From education to employment

Boosting the 2023 labour market with micro-credentials

Now is the time for higher education providers to work closely with employers and learners to develop education programmes that reflect the rapidly changing workplace.

Gone are the days of “get yourself a degree”, it will set you up for life. Why?  Because a generation ago, a career spent in one role was commonplace. Today, the need to reskill to hold multiple careers over a lifetime in the workplace appears to be quickly becoming the rule rather than the exception.  Short programmes, such as micro-credentials with specific goals, are an opportunity for higher education institutions to widen access for non-traditional learners to gain the skills needed to compete today and to align with the skill needs of the modern workforce.

Niche learning

With a quicker study duration than traditional programmes, micro-credential programmes enable students to gain specialised certifications for specific skills or knowledge areas.  Ranging from computer programming to project management, they can be awarded for both formal and informal learning experiences to increase employability. These programmes, especially those delivered in flexible formats, widen participation to include non-traditional higher education students — usually a more diverse group of students, particularly in age and previous experience. Upon completion, the students’ studies are recognised with specialised certifications or badges demonstrating their mastery of specific skills or competencies which can then be added to their CV and LinkedIn.

Whilst they cannot replace the traditional degree, they can give students a competitive edge when applying for certain jobs. Such is their power, in certain fields, micro-credentials can give potential employees a greater chance of securing a position since recruiters can easily match up their skills set to the requirements of the role.

Demonstrating knowledge of the marketplace

There are major wins for universities incorporating micro-credential programmes into their current education schedule. Front and centre they show that universities recognise the diverse learning needs of their community. They also enable students with busy schedules or limited resources who otherwise might be locked out from gaining the knowledge needed to achieve more acquire new skills and advance their careers, becoming more attractive to potential employers or for promotion with their existing employer.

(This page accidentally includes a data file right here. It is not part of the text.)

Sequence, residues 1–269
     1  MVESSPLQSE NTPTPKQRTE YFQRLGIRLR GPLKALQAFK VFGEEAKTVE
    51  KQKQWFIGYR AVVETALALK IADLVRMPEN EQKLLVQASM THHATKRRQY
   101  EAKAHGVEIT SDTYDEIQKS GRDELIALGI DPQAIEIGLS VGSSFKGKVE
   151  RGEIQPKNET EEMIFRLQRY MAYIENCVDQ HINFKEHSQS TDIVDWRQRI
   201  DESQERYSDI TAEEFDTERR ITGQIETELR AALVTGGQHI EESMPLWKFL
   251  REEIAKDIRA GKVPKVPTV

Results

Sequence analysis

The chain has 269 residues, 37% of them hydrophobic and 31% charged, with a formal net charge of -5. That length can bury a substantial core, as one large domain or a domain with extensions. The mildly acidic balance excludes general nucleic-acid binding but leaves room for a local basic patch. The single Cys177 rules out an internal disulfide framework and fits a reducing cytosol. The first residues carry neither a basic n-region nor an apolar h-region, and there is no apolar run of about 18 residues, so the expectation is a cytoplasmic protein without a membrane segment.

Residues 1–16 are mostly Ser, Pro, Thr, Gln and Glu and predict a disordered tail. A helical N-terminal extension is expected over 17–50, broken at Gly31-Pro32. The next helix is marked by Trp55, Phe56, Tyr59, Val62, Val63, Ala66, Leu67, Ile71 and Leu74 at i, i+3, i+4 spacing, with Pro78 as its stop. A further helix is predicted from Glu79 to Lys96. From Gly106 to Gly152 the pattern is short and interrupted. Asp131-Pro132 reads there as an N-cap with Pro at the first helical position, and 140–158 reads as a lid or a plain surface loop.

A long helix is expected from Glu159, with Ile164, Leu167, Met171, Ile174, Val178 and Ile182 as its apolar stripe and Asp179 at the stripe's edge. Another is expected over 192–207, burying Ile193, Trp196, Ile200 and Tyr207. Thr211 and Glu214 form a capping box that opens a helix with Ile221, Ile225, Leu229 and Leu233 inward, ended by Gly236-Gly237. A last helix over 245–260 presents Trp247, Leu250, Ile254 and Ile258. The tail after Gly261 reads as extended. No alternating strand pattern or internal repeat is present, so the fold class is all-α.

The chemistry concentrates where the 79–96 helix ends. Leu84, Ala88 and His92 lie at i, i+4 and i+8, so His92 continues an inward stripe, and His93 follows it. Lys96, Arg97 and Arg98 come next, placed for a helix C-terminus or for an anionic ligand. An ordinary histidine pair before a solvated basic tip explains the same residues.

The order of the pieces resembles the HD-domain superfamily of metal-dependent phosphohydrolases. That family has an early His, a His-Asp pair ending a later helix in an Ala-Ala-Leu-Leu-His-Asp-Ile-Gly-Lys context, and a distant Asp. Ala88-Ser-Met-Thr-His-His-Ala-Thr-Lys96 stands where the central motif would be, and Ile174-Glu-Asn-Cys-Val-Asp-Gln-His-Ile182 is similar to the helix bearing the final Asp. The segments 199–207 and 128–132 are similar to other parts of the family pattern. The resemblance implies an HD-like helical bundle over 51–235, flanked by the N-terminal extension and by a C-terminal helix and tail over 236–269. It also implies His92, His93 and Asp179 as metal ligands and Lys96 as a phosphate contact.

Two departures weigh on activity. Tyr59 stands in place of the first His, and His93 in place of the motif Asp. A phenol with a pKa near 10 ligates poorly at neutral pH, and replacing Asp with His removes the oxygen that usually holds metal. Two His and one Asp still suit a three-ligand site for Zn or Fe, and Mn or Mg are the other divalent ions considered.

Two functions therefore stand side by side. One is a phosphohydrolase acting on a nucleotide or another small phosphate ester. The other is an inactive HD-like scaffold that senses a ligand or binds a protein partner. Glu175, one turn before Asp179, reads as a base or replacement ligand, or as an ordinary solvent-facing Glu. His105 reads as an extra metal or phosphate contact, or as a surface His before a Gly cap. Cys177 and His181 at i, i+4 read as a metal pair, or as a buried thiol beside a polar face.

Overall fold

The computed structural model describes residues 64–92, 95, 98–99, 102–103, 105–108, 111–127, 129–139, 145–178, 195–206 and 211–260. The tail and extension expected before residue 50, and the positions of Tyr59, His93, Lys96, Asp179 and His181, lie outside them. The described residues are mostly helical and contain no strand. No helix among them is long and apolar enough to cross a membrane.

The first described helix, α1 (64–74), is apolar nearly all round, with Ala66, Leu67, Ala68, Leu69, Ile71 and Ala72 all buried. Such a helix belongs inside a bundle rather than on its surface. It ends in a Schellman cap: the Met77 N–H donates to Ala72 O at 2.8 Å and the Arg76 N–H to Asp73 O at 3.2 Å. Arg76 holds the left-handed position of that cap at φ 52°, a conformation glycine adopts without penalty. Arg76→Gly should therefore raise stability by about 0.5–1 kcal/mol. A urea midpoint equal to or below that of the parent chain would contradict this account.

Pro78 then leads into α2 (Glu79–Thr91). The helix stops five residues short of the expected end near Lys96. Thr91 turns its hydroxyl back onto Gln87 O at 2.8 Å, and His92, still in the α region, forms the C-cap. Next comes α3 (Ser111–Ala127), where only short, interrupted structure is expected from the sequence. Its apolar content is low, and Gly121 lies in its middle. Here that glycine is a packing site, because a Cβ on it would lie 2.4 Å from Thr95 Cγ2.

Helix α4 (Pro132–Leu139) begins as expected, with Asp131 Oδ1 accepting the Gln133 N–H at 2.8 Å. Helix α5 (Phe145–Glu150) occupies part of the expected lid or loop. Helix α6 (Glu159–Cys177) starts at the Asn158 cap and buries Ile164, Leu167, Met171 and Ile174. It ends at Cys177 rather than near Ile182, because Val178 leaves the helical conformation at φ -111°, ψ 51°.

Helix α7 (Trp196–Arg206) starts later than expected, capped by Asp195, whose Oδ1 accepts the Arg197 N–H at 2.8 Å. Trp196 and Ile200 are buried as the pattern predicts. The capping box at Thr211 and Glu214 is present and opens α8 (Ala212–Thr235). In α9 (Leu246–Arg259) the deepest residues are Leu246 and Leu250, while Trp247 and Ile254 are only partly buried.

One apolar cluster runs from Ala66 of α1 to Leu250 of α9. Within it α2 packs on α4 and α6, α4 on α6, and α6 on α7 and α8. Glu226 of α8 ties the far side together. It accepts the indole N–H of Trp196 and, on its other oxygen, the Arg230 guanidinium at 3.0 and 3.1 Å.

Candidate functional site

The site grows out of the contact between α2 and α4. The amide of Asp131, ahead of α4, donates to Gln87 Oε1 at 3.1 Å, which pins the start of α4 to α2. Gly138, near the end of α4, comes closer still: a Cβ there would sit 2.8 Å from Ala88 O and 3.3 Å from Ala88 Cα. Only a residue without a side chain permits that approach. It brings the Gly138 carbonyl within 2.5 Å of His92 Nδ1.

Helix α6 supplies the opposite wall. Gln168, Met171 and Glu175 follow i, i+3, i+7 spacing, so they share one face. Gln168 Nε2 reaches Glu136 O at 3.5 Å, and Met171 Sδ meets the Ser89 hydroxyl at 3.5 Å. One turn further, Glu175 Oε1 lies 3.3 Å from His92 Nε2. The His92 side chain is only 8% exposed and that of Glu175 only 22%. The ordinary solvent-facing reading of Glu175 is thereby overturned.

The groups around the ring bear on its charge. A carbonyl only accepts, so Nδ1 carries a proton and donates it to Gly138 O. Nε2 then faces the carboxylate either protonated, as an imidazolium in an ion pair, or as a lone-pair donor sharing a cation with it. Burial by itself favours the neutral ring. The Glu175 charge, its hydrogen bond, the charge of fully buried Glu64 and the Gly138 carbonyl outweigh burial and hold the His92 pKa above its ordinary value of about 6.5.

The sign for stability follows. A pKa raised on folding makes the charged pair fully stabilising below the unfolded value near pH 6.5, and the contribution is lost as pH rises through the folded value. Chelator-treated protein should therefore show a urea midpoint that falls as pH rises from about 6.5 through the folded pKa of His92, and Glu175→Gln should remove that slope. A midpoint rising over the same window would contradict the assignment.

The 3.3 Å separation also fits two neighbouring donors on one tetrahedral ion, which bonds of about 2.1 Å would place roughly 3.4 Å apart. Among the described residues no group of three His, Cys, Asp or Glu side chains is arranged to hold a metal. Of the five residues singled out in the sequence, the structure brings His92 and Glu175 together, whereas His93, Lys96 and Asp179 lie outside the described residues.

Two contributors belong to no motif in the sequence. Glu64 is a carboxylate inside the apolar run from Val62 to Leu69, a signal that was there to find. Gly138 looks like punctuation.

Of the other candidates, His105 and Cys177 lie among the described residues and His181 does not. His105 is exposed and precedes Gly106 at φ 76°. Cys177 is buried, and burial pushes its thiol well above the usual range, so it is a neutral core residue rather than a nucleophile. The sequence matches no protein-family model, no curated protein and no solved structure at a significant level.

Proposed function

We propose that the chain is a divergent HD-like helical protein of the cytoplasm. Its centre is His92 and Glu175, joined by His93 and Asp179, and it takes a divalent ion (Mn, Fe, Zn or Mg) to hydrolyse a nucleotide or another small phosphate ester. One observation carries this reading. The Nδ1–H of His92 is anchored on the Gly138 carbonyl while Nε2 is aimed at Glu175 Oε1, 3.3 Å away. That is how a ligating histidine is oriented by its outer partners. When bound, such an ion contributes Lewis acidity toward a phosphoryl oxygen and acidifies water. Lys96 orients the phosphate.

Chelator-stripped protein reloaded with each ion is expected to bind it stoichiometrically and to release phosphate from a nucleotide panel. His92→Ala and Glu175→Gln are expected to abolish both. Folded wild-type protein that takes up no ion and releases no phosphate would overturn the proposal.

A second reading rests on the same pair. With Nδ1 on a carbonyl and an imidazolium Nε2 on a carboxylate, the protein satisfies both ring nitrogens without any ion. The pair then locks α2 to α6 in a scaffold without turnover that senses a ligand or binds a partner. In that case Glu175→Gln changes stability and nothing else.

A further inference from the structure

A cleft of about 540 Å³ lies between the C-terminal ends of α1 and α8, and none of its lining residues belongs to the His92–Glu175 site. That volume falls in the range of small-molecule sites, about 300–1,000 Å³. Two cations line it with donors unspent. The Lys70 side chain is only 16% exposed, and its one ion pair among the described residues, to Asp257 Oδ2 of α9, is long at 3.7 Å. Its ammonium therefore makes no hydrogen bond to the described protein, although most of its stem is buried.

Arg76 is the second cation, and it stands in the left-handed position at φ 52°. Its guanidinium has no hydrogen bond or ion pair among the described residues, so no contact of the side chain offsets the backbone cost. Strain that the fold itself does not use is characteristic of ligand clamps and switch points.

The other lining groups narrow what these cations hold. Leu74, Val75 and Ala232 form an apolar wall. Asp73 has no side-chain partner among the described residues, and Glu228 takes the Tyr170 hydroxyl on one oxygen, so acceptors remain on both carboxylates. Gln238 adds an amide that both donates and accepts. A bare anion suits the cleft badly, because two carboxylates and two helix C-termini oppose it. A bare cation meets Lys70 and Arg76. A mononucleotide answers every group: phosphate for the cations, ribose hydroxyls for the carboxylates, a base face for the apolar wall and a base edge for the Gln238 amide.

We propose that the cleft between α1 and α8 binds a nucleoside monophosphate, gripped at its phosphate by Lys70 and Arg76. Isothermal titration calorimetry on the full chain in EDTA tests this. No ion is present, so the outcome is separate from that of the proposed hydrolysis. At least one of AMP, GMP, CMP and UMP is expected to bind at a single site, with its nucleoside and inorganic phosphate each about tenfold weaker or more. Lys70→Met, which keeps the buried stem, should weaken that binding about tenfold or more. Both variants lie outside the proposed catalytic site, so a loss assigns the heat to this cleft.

Combining a micro-credential programme with more traditional programmes means universities can also build stronger ties to the larger communities they serve by providing high-quality education and training in in-demand skills that align with local employers’ needs. Micro-credentials also serve as an opportunity for universities to explore partnerships with employers. Employers could provide scholarships to staff as part of PDPs (Personal Development Plans) and apprenticeships to anyone starting out, upskilling, or looking for a career change, playing a critical role in employee development.

Test and learn

There is also the major benefit that shorter programmes offer opportunities to test more innovative teaching and learning approaches and be more agile in the development of the curriculum. These programmes usually enable approaches that integrate theory and practice better, use problem-based and experiential learning and take better advantage of technologies. Having a shorter cycle also means integrating student feedback and employability data in the next operations of the programme in a more agile manner compared with the time and expense of developing degree programmes.

Universities should see micro-credentials as an opportunity

In a rapidly changing economy and with career requirements shifting frequently, micro-credentials offer a way for learners to gain new, in-demand skills. Universities can offer innovative training programmes that maintain competitiveness, adapt to meet changing market demands, and expand access to learners beyond the traditional on-campus set.  Micro-credentials might also offer opportunities to strengthen the relationship with the local and regional communities and the ability to align offerings to the needs of local and regional markets. Often, higher education is looked upon as inadaptable and stuck delivering in a format little changed since its beginning.  Micro-credential programmes shouldn’t be feared by universities. They are an opportunity to meet the needs of today’s labour market and set them up for success now and in the future.   

By Joel Armando

Joel’s career in higher education spans 20 years and is primarily in the fields of teaching, curriculum and learning design, research, and edtech.  Joel has a PhD in Education (Spain), PGDip in Learning Technologies (UK), MSc in Educational Research (Argentina), and BSc in Education (Argentina).

Today Joel’s current focus is on learning design and innovation in higher education, and public-sector environments.  Joel manages the Client Experience Management team in EMEA at Anthology.

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